The pandemic of fake news

October 8th, 2020

In the last couple of months, people worldwide have been living and fighting with the Coronavirus pandemic. While scientists have been tirelessly trying to find a vaccine and a cure for the virus and countries have been taking drastic measures to protect public health, the pandemic of fake news has not seemed to slow down. North Macedonia has not been immune to this trend as well. The media have been flooded with false information, mainly connecting 5G technology with the virus, the origin of the virus as well as with its existence or non-existence.

On 25th June 2020, MAAA organized an online debate on this topic. There were four main panel speakers: Rosana Aleksova, an initiator of the project: Countering false narratives F2N2;  Bashkim Ziberi, professor of physics and biophysics at the State University of Tetovo; Ognen Janeski, journalist at the national 24News TV and Radica Grubovikj- Rastvorceva, doctor at the Institute for Transfusion Medicine. They talked about the reason for the appearance of fake news, the consequences from them, their impact on the society and the individuals. In addition, the speakers discussed the (dis)connection between 5G technology and the virus. The panelists also clarified how fake news can easily be recognized, they explained the characteristics of the 5G technology and the misinformation which is spread about it, and they also talked about the real threat from the virus on the people’s personal health as well the health care system in general. The debate was moderated by the president of MAAA, Verica Jordanova.

According to the panelists, not only North Macedonia but the democracies around the world are facing this challenge on a daily basis too. They pointed out that the consequences and risks are multifaceted and must not be ignored. The fake news phenomenon must be analyzed in a broader context and the general public must be made aware of it. They also tried to make the attendees aware that there is misinformation connected to the 5G technology, not necessarily shared with the intent to mislead the citizens, but one that definitely confuses people and reduces their objectivity when making solid judgments. Consequently, as they said, this undermines the general trust in the social processes and institutions. In that sense, the people in North Macedonia have been exposed to different narratives connected with the Coronavirus, the 5G technology and many theories of conspiracy. The fake news “pandemic” also contributed to a general disbelief that the virus and the threat of it exists at all. That increased the health risk for the people and their beloved ones, and it posed tremendous risk on the national health care system too.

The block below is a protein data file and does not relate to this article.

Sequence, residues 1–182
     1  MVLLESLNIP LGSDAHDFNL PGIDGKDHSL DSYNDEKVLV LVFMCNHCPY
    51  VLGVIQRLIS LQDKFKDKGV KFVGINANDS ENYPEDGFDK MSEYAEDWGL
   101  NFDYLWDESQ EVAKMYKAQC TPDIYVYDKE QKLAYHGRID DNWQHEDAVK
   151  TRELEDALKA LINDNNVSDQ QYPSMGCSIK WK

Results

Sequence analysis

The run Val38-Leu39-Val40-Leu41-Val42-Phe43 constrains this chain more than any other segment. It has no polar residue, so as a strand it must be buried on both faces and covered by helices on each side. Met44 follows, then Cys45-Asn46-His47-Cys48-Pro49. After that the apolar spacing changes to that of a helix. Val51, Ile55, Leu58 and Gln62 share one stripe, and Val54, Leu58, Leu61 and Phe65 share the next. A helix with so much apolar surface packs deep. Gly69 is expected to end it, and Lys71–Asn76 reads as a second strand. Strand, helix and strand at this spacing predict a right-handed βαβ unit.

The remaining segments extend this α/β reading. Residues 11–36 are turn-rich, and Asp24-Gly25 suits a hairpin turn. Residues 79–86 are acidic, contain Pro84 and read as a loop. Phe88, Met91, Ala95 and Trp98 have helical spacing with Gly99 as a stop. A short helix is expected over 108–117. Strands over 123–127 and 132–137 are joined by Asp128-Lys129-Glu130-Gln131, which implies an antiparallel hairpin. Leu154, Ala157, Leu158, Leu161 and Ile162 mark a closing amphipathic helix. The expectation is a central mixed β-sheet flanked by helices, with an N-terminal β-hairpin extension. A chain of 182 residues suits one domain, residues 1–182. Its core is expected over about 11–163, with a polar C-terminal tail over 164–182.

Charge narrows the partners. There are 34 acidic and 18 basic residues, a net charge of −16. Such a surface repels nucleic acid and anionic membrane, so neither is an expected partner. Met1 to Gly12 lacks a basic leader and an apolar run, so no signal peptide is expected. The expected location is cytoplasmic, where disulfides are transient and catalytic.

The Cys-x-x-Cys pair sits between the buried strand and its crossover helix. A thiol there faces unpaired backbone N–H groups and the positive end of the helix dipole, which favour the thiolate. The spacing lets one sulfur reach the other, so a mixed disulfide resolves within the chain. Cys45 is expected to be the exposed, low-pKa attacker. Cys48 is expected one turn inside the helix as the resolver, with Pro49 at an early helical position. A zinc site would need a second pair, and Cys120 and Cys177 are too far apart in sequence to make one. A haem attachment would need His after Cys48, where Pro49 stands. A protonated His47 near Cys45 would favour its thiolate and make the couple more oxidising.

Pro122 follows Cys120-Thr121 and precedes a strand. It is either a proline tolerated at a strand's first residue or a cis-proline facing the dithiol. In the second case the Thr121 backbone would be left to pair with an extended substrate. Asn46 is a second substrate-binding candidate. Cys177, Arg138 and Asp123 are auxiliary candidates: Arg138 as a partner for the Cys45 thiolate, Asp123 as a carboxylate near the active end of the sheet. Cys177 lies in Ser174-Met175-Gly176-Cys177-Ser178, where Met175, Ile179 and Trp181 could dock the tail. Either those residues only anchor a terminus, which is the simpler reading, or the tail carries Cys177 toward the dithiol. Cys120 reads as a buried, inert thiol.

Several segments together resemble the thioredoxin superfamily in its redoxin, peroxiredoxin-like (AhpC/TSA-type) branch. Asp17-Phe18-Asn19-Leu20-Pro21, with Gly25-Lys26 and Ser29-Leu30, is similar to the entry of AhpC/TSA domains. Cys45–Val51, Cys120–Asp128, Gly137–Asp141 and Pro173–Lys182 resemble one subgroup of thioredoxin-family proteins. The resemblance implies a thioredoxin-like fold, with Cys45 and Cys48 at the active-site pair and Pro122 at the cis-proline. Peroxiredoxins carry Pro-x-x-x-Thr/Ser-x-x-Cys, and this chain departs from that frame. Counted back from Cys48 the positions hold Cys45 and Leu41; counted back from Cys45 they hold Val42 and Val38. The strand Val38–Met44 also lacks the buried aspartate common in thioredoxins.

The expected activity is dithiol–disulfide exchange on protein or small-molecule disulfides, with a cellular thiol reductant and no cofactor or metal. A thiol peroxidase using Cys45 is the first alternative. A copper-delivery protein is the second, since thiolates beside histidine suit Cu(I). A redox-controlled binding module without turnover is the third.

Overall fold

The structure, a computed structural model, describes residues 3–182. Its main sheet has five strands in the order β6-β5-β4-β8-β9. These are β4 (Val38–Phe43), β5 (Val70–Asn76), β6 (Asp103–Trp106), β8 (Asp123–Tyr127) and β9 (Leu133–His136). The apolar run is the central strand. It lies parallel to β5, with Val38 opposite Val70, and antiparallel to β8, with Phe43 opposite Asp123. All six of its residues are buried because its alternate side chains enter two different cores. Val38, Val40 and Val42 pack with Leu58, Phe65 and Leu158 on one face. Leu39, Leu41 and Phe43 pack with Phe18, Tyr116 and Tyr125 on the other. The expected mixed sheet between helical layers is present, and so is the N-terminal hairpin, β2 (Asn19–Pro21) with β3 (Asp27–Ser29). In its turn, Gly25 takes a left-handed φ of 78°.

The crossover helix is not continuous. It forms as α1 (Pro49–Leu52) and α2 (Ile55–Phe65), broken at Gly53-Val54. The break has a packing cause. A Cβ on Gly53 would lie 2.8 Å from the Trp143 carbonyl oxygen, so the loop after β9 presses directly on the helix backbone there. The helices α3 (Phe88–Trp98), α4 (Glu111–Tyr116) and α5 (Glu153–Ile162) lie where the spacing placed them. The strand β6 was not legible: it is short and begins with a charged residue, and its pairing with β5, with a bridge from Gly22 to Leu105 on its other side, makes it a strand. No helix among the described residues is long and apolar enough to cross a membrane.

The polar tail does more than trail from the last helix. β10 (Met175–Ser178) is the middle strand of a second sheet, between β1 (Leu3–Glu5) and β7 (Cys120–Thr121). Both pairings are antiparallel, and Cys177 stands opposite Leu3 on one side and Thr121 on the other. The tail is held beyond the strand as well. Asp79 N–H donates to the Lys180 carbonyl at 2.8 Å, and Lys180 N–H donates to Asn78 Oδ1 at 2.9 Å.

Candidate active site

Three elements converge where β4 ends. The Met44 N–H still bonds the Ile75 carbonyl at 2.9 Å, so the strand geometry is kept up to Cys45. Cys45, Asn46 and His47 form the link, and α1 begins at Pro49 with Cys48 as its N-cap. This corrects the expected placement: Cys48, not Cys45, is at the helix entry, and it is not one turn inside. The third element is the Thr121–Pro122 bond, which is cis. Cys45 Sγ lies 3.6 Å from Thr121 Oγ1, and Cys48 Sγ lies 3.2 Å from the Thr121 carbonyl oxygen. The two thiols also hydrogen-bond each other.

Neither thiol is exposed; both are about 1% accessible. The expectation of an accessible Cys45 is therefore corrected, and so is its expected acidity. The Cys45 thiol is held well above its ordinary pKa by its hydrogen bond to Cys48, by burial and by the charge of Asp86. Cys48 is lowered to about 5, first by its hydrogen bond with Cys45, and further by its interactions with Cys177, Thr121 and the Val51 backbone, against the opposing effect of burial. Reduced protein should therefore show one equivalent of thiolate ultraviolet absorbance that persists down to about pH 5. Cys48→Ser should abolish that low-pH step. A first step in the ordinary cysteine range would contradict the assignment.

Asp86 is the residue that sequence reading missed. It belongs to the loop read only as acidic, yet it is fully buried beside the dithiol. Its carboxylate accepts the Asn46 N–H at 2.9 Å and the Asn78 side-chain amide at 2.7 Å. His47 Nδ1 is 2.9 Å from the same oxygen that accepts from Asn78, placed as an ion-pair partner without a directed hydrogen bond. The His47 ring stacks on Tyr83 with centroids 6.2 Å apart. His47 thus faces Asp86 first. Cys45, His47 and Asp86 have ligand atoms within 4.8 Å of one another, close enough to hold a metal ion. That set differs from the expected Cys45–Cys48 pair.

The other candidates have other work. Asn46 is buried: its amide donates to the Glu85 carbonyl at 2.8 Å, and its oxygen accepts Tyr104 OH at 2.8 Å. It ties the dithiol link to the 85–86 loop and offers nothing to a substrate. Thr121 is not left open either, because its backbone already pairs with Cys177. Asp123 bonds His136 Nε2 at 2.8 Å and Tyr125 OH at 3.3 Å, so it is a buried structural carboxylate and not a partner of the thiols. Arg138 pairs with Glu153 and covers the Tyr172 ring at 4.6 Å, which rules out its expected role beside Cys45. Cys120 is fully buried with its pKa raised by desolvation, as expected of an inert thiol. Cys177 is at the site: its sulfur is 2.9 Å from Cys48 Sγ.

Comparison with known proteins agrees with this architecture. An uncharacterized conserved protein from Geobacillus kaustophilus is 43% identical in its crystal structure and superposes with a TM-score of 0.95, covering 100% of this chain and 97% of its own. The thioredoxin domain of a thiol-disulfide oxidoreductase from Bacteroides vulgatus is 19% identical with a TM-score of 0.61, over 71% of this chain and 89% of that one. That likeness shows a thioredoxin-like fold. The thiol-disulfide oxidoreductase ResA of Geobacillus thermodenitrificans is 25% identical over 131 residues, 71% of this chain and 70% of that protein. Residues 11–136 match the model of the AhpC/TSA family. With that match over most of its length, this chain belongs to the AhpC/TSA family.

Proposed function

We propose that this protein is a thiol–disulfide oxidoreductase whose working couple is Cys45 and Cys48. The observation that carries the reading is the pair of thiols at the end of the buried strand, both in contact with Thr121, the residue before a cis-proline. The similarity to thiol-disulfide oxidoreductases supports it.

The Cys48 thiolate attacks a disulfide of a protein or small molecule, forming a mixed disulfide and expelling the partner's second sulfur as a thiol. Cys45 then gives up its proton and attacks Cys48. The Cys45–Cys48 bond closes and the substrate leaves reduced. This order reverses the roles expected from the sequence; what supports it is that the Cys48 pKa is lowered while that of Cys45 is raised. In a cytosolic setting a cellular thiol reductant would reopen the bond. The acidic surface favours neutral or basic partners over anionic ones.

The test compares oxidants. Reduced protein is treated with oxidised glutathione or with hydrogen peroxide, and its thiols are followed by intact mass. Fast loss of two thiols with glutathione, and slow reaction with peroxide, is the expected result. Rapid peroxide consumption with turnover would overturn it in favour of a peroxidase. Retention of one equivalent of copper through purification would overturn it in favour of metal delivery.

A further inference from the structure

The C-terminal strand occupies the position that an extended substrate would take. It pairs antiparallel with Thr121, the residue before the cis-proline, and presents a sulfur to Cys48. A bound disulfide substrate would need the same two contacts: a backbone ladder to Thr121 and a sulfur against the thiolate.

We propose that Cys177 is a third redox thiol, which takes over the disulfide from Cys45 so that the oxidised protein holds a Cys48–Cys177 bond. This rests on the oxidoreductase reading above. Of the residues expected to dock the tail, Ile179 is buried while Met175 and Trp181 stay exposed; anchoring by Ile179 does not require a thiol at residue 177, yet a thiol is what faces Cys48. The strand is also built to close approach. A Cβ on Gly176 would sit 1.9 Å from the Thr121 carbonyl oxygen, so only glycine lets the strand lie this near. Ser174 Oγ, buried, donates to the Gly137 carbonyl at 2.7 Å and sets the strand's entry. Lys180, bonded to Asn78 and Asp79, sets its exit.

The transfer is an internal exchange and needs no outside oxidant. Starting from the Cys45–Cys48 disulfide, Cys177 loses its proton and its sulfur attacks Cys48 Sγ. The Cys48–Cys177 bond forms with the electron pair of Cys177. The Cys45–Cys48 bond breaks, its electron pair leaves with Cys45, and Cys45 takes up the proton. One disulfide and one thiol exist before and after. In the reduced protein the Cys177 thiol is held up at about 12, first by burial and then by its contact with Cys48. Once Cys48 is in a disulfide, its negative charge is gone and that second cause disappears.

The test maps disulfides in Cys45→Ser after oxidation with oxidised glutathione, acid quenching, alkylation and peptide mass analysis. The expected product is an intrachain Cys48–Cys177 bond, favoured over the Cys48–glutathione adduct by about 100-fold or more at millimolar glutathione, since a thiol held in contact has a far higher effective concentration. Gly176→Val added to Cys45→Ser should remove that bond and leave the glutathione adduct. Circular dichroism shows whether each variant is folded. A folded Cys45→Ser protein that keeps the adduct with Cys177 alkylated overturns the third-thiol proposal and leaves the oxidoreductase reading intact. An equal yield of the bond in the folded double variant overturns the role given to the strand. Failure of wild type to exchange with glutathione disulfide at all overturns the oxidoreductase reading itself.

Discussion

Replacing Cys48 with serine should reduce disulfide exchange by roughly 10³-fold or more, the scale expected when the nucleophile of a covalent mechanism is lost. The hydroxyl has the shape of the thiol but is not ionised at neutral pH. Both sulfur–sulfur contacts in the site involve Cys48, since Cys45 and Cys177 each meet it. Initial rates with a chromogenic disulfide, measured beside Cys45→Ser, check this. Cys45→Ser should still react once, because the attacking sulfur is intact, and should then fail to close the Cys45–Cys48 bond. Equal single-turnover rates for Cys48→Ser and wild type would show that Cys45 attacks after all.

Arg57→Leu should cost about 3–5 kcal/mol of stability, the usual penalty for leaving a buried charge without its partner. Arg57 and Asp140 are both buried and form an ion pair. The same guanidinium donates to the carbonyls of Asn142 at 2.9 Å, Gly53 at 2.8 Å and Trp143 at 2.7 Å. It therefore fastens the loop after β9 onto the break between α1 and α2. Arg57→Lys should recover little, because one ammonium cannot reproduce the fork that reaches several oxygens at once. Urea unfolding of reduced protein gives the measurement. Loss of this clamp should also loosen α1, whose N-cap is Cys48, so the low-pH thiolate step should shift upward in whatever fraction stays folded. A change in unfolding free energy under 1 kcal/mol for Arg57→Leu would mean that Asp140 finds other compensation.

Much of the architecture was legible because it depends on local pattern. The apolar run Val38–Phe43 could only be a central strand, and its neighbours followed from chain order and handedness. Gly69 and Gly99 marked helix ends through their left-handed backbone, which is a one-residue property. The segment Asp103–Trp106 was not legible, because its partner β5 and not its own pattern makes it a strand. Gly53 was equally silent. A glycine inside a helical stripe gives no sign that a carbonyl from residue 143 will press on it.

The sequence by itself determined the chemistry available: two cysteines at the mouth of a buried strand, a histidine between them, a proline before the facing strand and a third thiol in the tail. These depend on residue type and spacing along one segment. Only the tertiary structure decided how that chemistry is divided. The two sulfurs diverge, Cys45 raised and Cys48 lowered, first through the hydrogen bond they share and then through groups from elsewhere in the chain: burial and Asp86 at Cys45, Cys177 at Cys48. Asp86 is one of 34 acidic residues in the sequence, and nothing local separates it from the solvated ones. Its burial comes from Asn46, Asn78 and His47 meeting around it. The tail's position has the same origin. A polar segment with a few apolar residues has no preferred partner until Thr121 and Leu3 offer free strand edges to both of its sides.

In addition, social media, like Facebook, contributed to the spread of false information, too. As a result, the health care system was and still is strongly attacked by the fake news that directly influences the manner in which healthcare workers are managing it. If those people who doubt that the virus exists are Covid-19 positive, they might ask for help or test late, so the process of their healing will consequently take longer and will be more complicated. Not to mention that they will easily spread the virus. The panelists explained that, from a scientific point of view, there is no connection between the Coronavirus and 5G technology since those are completely different phenomena.

According to the panelists, along with the journalists, the whole society bears responsibility for the spread of fake news and the fight against it. The public figures and the state officials are the ones who are mostly responsible. In that respect, it is important to bear in mind that the origin of the information is crucial when it comes to disseminating information. It is especially important to find out if the source is reliable and if there is an editorial board behind it or if there is anyone who takes responsibility for the information spread.

Thus, media literacy is extremely important. Both journalists and common people need to be cautious and check two to three sources before forming an opinion and sharing it publicly. This means that there is no need for quick decisions or overly emotional decisions. At the same time, it is of utmost importance that the information is transferred in a way that it is understandable for the audience so the risk of misinterpretation is minimized. The public must be informed in a timely and adequate fashion.

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